Create a storyboard where the image does not depend on the text and the text adds something new to the narrative.I&P p.95
This exercise is a light-hearted look at the role of image and text.
● Aim for it to be around 10 frames long.
● Draw the picture storyboard first and then add the text.
Note how the story is affected when the text is added.
[2Mar21] I wrote thus up in an email to myself earlier today but that was lost somewhere in the ether. I will rebuild it.
I can see no benefit in demonstrating my poor draughtsmanship and so will complete this exercise in text [I have noted elsewhere, but cannot find the link, that once I have had the idea for a photograph or a series, I sometimes find it unnecessary to actually create it].
I visualise a series of a character undressing provocatively in front of a mirror. In order to bypass any male gaze issues (see Part 3) this is best done in Chippendale or Full Monty mode. The intended visual impression is that the event is taking place in a stripping booth (I have no idea what the correct term for this is and have no intention of Googling it, but it was depicted in that Liam Neeson film where his daughter was abducted and then displayed to potential buyers (trigger warning and spoiler alert – he rescued her, there was some bloodshed).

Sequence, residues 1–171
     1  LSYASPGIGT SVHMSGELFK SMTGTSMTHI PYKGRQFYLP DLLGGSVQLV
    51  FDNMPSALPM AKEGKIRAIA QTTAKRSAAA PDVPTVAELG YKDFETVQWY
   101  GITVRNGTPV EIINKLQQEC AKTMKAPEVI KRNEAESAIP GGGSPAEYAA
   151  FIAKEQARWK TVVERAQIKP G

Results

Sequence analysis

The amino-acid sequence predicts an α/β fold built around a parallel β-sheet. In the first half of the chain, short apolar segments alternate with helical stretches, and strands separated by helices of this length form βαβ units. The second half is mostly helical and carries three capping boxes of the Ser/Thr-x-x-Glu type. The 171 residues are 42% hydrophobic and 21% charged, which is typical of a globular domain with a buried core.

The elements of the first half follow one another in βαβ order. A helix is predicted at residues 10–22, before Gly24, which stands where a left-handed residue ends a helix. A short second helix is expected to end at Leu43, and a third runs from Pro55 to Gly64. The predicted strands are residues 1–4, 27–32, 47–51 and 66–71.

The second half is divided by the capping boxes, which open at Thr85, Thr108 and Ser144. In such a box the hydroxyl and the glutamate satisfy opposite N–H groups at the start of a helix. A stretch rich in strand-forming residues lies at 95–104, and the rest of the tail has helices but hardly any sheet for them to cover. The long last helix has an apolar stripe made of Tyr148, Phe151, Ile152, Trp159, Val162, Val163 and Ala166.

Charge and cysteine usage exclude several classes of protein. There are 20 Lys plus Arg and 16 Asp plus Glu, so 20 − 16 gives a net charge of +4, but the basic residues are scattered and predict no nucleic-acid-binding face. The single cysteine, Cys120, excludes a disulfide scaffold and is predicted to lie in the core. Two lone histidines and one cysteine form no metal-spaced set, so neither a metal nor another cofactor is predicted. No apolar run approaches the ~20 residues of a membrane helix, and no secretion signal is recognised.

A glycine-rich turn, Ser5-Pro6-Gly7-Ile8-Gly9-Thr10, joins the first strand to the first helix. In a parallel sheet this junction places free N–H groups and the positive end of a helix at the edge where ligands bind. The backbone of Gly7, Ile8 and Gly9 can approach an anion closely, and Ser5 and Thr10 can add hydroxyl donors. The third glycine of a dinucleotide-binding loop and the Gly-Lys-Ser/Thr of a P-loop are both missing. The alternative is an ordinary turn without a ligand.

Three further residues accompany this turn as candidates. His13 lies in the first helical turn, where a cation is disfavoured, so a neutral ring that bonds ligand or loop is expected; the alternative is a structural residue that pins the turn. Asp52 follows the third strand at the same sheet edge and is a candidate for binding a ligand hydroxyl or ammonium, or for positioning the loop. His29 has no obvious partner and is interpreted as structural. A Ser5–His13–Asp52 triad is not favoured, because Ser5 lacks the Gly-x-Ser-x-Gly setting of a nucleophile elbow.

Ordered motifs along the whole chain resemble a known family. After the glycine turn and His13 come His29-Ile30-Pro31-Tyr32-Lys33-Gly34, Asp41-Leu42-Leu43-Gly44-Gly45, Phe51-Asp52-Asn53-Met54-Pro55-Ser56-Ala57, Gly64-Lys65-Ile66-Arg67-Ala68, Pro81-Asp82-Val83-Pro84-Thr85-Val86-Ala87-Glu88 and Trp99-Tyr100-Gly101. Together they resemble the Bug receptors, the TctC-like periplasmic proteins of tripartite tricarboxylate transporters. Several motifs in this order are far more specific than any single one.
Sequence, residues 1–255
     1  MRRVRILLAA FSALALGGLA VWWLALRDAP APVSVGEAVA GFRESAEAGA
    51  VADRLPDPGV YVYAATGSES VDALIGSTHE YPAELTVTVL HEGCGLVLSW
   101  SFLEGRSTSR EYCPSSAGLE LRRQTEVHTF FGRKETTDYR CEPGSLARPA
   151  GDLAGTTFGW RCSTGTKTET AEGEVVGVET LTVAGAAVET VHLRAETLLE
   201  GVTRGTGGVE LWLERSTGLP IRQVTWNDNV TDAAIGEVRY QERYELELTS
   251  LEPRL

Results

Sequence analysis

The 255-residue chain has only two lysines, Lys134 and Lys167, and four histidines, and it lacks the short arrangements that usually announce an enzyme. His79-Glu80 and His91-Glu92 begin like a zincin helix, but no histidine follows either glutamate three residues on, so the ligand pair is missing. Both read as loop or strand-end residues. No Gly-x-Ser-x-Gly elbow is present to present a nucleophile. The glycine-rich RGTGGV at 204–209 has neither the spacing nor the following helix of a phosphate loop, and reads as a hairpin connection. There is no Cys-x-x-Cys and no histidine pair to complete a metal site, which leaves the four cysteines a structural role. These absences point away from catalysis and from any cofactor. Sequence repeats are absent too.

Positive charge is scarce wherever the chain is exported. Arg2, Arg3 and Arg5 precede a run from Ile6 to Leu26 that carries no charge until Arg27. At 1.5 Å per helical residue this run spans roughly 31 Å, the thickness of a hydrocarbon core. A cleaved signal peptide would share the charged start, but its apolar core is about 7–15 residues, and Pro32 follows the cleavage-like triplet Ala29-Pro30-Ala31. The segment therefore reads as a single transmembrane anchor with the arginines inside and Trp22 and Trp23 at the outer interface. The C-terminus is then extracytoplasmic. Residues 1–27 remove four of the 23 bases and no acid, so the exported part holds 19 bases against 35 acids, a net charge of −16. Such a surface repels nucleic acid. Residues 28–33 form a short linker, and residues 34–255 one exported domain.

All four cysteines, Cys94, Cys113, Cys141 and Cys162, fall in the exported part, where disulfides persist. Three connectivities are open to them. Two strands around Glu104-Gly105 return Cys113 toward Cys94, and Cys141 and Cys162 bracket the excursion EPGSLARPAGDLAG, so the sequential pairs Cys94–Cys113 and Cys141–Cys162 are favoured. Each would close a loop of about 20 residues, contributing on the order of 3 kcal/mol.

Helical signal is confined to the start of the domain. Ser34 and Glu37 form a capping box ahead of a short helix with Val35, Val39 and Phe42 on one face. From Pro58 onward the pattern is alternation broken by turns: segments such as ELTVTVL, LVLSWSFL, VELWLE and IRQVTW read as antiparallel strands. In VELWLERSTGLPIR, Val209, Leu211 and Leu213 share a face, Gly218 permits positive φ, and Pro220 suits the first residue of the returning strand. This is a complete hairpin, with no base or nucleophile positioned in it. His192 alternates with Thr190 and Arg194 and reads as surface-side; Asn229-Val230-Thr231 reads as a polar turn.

Having sought to lead the viewer into thinking that was a commercial sexual transaction, the text will reveal that the character is in a hospital changing room (turn the page and he’s in a hospital gown that does not meet at the back) about to be given an MRI scan that will reveal that his testicular or prostate cancer has spread to other organs and the prognosis is poor.
The mirror was one- not two-way and his provocative clothing removal was for his own amusement, whistling in the wind.
I have another, adapted from I short film I participated in, made in the 1970s or early 80s as part of a film course at Chapter Arts Centre, Cardiff, led by an old and brief acquaintance, Chris Monger. I mention this in case he used the idea elsewhere as much as to name-drop.
There are two contrasting characters (in the original it was an old man, respectably dressed, and a rebelliously-dressed youth), ostensibly sitting facing one another in a moving train. There appears to be an argument between them. They are only pictured singly.
The reveal (in this case made by text relay accompanying still images and confirmed visually when we turn the page) is that they are sitting back-to-back in separate banks of seats and their interactions are with other people.
I&P Exc 4.3 References
Boothroyd, S. and Roberts, K. (2019) Identity and place [I&P]. Barnsley: Open College of the Arts.